The trial in Little Falls of Byron Smith in late April was very disturbing, but there are lessons to be learned from it.
Smith was convicted of shooting to death two teenagers (male and female cousins) who were in the process of burglarizing his home just north of Little Falls. The jury took only three hours to make up its mind that Smith is guilty of premeditated murder. Now age 65, he will likely spend the rest of his life in prison.
Lesson 1 we can learn from the trial is all parents should warn their children what can happen if they break into someone else’s house or apartment. This is not to say young people have a penchant for burglary, but as every parent knows, many children, even well-raised and courteous ones, sometimes indulge in foolish escapades and larks, some verging on the illegal and/or the felonious. One such escapade could be trespassing or entering a place where they don’t belong.
It would have been good, obviously, if the two young burglars had been caught and arrested by law enforcement, as they should have been. They could then have been punished and eventually redeemed from their criminal behavior. Their crossing the boundary line into an illegal action, sadly, led directly to their hideous deaths.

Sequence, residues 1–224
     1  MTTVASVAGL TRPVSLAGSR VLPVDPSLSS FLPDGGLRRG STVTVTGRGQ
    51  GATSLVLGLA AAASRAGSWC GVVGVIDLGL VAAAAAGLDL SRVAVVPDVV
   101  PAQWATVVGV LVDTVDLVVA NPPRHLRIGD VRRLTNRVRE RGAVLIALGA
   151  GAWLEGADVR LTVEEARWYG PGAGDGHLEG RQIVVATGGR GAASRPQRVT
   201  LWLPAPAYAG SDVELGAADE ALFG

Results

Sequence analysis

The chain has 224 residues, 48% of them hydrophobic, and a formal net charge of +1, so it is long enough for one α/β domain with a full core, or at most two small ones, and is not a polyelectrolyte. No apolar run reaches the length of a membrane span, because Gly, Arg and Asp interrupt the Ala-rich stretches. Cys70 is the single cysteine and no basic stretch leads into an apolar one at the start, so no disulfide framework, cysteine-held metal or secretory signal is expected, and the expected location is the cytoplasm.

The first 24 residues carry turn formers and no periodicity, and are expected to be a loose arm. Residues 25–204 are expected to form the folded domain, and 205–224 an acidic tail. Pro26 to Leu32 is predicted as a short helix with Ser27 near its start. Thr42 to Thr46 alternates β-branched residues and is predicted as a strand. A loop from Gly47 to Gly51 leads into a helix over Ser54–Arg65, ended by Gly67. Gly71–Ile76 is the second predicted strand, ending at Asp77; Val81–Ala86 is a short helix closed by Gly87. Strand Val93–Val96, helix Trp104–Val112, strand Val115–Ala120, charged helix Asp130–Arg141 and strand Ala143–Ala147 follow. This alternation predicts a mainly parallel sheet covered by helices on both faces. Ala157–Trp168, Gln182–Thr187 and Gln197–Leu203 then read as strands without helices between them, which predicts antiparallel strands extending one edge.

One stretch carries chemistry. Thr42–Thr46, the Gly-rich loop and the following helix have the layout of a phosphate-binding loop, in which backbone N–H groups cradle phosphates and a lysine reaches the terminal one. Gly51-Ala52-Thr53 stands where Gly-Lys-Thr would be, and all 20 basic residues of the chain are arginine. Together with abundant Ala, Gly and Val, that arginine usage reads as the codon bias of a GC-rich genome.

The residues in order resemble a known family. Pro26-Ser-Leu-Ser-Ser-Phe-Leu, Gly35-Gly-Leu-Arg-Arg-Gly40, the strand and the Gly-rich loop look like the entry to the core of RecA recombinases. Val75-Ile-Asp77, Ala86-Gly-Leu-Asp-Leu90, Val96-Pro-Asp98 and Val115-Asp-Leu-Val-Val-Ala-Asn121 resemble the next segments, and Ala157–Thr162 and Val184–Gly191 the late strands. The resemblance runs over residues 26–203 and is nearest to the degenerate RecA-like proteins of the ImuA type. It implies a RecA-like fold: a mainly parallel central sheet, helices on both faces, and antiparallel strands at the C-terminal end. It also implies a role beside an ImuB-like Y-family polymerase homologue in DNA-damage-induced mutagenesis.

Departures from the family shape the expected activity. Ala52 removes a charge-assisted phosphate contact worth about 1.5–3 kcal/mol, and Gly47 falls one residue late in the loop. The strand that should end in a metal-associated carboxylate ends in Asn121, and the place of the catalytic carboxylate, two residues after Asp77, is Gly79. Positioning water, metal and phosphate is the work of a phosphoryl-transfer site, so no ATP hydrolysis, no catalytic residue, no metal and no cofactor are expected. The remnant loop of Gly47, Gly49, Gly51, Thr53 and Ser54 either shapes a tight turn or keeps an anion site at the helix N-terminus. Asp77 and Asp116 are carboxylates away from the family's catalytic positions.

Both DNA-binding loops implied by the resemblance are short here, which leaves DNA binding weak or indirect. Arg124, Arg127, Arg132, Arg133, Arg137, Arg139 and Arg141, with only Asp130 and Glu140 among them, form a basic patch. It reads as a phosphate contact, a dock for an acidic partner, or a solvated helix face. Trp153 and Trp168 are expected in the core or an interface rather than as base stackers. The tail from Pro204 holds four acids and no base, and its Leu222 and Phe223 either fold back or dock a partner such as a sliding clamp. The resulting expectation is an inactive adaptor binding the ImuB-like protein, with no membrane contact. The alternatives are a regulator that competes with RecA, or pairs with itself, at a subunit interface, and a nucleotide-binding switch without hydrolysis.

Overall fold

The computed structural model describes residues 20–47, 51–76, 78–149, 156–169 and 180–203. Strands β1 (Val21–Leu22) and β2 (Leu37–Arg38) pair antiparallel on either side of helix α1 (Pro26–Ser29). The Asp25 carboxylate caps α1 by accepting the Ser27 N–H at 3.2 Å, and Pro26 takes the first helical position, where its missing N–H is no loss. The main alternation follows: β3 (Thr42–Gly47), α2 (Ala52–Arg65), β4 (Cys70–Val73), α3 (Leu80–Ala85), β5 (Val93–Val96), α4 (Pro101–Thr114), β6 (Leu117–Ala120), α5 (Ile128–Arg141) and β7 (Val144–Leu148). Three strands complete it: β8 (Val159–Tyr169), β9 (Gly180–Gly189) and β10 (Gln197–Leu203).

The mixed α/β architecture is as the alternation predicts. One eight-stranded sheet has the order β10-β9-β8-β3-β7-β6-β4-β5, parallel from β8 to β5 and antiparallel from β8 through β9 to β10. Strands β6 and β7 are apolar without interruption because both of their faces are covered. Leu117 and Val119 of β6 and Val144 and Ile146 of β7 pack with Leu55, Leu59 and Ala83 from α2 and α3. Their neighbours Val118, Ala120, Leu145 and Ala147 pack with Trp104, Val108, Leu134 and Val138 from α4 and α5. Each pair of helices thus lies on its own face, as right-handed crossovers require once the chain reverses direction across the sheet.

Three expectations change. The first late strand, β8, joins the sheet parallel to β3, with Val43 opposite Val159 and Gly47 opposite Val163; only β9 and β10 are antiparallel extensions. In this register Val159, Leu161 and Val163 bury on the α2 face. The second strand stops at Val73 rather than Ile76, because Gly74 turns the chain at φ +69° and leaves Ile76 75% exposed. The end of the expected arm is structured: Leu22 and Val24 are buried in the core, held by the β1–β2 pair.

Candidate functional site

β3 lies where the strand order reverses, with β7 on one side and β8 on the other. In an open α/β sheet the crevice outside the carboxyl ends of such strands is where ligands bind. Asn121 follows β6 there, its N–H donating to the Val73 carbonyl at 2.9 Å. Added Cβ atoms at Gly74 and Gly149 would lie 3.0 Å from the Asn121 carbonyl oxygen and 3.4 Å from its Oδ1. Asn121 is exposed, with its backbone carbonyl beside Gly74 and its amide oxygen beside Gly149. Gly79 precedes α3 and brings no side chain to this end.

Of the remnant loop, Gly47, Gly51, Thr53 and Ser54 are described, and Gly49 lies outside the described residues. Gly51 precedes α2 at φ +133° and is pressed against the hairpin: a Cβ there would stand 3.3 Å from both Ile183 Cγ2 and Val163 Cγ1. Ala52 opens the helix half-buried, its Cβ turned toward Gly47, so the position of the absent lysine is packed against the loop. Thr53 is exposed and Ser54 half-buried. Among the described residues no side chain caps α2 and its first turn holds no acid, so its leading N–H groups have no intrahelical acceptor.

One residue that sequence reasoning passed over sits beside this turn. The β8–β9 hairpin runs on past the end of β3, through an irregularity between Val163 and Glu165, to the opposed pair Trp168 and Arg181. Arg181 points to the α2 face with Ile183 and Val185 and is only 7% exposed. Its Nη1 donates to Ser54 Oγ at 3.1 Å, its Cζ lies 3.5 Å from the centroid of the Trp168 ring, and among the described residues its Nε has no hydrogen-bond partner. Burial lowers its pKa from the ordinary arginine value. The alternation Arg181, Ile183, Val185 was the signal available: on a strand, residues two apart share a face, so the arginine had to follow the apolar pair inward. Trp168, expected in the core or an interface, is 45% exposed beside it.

Lesson 2 we can learn from the trial is people who are festeringly frustrated, as Smith clearly was, should not let that frustration boil over into the kind of anger that can lead to cold-blooded murder. Smith should have called law enforcement as soon as he heard via his tape-recording system that the young burglars had broken the glass window on the first level of that house. Instead, he sat in a chair in his basement with a rifle and handgun, waiting for the intruders to come down those basement steps. It was meticulously planned well in advance. He was ready to kill.
His excuse is he was afraid for his life. The jurors, however, saw right through that ruse. Smith did, in fact, practically “lure” the burglars there by parking his vehicle out of sight, then sitting down calmly and waiting to kill the both of them. After wounding and incapacitating them, Smith’s life was certainly not in danger. He proceeded to shoot them again in a form of gleeful revenge. It was a classic case of letting a seething rage take charge, over-reacting, going way beyond the reasonable limits of defending one’s own life and property.
The evidence clearly demonstrated Smith took the law into his own hands in what amounted to a couple of swift, grisly, summary executions.
It’s just a tragic shame such an unthinkable collision had to happen: two foolish teenage burglars and an angry man set on vengeance. The outcome was a doomed one for all three.
The lessons to be learned from it, in brief, once again are these: Don’t break into houses; don’t take the law into one’s own hands.